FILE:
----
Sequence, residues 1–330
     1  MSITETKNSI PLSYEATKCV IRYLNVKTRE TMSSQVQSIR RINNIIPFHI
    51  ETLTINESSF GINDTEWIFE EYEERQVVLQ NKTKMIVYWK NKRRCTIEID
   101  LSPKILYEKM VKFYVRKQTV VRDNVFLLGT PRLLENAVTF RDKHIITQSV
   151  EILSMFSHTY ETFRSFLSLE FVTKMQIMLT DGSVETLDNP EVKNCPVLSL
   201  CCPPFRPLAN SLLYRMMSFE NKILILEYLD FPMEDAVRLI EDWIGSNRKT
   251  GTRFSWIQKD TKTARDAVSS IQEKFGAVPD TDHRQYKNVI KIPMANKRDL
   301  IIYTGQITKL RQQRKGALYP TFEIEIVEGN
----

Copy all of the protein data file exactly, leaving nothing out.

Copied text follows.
Sequence, residues 1–330
     1  MSITETKNSI PLSYEATKCV IRYLNVKTRE TMSSQVQSIR RINNIIPFHI
    51  ETLTINESSF GINDTEWIFE EYEERQVVLQ NKTKMIVYWK NKRRCTIEID
   101  LSPKILYEKM VKFYVRKQTV VRDNVFLLGT PRLLENAVTF RDKHIITQSV
   151  EILSMFSHTY ETFRSFLSLE FVTKMQIMLT DGSVETLDNP EVKNCPVLSL
   201  CCPPFRPLAN SLLYRMMSFE NKILILEYLD FPMEDAVRLI EDWIGSNRKT
   251  GTRFSWIQKD TKTARDAVSS IQEKFGAVPD TDHRQYKNVI KIPMANKRDL
   301  IIYTGQITKL RQQRKGALYP TFEIEIVEGN